Dubbed cell powerhouses because they transform nutrients into energy, mitochondria are tiny organelles that reside inside the cell and are essential to metabolic health. New research offers fresh insights into how they function and what makes them safe.
Research on Mitochondria
Due to the importance of mitochondria in metabolic and general health, previous research has suggested that dysfunction in these organelles may have consequences for conditions such as obesity and diabetes.
Other conditions that include mitochondrial dysfunction include age-related neurodegenerative disorders such as Parkinson’s, Alzheimer’s, and Huntington’s.
In addition, mitochondrial dysfunction can be at the root of the aging process in general. Although it is also disputed, the so-called mitochondrial-free radical aging theory is popular, and more than one study has suggested that boosting mitochondrial health can prevent cells from aging.
What Keeps Mitochondria
But what exactly keeps mitochondria in tip-top form or makes them “unhealthy” remains unknown.
Previously, researchers thought that one of the molecular pathways they called autophagy could provide valuable clues as to what keeps mitochondria healthy or makes it dysfunctional.
Autophagy — a word derived from ancient Greek to mean “self-eating“— is a” cellular-survival pathway that recycles intracellular components to compensate for nutrient depletion and ensures proper degradation of organelles. “Therefore, it is key to the health of mitochondria, and previous studies have shown that exercise stimulates autophagy, but a high fat diet impairs the process.
Recent research looked at this mechanism in mice and looked at how exercise and high-fat diets affect it, as well as how these changes affect mitochondrial health.
Sarah Ehrlicher, PhD candidate at the College of Public Health and Human Sciences at Oregon State University in Corvallis, is the first author of the paper to be published in the FASEB Journal.
Mitochondria remain healthy despite stress
Ehrlicher and colleagues “stressed” the mitochondria of transgenic mice by putting the animals on a treadmill. Genetic alterations have compromised their workout-induced autophagy pathway.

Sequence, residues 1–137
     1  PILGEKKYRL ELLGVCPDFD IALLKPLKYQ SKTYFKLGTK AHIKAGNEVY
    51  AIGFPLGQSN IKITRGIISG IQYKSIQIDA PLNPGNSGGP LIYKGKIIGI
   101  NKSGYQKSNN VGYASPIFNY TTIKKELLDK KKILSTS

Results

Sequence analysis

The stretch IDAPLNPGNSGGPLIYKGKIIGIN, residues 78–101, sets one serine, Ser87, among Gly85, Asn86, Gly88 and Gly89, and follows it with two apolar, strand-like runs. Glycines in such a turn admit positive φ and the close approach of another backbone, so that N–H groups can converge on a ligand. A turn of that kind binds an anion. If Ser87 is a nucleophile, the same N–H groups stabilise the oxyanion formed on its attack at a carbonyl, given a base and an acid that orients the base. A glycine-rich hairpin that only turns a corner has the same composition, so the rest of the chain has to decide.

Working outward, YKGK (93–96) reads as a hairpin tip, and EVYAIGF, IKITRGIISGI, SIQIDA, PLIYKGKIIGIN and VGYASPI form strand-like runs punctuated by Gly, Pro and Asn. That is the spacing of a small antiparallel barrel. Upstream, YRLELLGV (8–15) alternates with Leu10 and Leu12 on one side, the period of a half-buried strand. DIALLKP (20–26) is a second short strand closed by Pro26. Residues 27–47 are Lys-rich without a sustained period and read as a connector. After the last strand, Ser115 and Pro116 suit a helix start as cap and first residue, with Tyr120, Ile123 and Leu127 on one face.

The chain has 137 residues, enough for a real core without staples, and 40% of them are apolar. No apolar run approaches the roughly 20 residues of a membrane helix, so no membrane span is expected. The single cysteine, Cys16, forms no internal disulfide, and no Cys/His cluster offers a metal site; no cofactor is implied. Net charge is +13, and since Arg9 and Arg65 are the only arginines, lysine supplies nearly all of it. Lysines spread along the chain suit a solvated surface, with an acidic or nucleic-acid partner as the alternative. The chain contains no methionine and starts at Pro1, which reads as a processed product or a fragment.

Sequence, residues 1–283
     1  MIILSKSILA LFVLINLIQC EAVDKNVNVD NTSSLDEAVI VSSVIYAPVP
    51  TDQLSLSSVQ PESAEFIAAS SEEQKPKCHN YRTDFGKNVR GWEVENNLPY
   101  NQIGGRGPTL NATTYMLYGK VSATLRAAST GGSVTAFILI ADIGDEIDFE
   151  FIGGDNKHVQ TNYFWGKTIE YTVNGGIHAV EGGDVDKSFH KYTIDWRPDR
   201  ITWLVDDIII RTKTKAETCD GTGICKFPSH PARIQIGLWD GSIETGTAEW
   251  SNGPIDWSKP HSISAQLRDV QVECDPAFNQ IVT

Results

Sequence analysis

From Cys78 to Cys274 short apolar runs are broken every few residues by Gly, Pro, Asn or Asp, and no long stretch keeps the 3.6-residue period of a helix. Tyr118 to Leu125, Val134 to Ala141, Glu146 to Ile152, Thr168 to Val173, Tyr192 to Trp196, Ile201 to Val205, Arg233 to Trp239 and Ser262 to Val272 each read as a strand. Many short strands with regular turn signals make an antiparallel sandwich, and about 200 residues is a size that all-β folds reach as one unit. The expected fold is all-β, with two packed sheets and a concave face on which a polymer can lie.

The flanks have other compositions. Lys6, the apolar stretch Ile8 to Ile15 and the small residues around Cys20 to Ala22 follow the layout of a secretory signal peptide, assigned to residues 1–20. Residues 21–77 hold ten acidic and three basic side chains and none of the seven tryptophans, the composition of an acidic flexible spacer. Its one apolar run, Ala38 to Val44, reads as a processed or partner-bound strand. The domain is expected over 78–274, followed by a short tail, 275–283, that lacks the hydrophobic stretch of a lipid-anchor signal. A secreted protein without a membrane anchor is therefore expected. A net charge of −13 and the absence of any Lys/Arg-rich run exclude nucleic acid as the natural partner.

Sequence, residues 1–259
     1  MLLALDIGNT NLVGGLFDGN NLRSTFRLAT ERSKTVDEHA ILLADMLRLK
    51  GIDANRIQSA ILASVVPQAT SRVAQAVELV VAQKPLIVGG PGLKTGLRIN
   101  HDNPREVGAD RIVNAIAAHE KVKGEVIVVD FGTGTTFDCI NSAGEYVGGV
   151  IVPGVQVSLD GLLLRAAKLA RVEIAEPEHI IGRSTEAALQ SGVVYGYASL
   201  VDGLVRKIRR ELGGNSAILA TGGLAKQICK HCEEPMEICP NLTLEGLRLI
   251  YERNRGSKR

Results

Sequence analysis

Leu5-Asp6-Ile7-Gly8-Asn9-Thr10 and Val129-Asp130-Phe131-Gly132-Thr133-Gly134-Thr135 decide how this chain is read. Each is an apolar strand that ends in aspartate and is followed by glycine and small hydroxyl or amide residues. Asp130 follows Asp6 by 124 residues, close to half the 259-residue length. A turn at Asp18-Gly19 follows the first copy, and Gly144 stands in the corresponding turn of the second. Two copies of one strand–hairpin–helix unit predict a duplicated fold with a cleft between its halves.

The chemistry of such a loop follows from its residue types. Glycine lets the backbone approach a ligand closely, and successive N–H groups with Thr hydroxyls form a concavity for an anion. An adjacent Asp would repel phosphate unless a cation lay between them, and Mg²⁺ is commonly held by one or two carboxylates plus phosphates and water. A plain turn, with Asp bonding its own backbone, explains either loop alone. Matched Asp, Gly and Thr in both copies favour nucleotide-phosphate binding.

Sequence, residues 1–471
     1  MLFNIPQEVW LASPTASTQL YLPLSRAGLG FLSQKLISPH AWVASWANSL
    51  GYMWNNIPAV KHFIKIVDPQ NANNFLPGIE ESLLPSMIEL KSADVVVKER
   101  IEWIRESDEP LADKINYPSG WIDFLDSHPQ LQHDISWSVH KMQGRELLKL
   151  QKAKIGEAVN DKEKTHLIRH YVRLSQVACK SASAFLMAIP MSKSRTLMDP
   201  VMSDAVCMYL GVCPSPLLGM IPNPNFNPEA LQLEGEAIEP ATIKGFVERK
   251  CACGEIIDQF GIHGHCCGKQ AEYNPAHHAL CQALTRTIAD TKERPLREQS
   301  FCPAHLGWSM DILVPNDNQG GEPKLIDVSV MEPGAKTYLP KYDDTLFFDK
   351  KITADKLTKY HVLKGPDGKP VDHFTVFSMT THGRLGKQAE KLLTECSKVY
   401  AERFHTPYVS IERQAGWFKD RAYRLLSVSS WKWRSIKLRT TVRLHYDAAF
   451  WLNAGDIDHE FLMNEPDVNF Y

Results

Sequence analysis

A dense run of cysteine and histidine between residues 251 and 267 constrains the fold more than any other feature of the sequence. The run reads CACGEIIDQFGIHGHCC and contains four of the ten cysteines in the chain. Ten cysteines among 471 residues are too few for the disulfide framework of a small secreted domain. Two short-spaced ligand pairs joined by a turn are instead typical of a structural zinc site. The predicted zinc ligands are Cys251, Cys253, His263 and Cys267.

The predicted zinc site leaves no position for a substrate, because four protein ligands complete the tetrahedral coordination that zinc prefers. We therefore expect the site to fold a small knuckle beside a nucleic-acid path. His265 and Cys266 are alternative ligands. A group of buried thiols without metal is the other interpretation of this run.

The rodents were euthanized 36 hours after their last exercise and 4 hours after their last meal, and the researchers studied mitochondria in the muscle cells of the rodents.
The researchers found that despite the genetic modification and the added stress of exercise, the mitochondrial structure of the mice’s muscles remained intact.
As a next move, Ehrlicher and his colleagues fed a high-fat diet to the mice in addition to the exercise regimen to make mitochondria even more stressful.
Again, the mitochondria of the mice showed signs of intact health and adaptation, even with the autophagy pathway blocked. This, explains the lead author of the study, suggests that mitochondria have alternative ways of stimulating recycling and limiting damage.
The findings are recorded by Matt Robinson, a researcher in the same department as Ehrlicher and the last and corresponding author of the study.
He states,”[ When] these animals were given a high fat diet, they got better off consuming the fats. If only exercise was offered, they might create more mitochondria, which is good from an exercise point of view. And these adaptations seem to be very precise.” The authors add that the results shed more light on how mitochondria function and what keeps them safe.
The research “helps lay the future groundwork on how we can improve (muscle and mitochondrial) health in order to support their health with diseases such as obesity, diabetes, and some of the effects of aging— conditions that we know have impaired mitochondria,” says Robinson.
Exercise can be one such way of improving mitochondrial and metabolic safety. “Even without weight changes, exercise has this incredible ability to improve metabolic health,” Ehrlicher says.
Obese mice do not seem to have a strong pathway malfunction in their mitochondria, and the muscles seem to respond well and adapt well to new stress, whether it is exercise or high fat diet.
This suggests that people with obesity can potentially benefit from exercise in the same way. In the future, scientists are aiming to use human volunteers to test their results.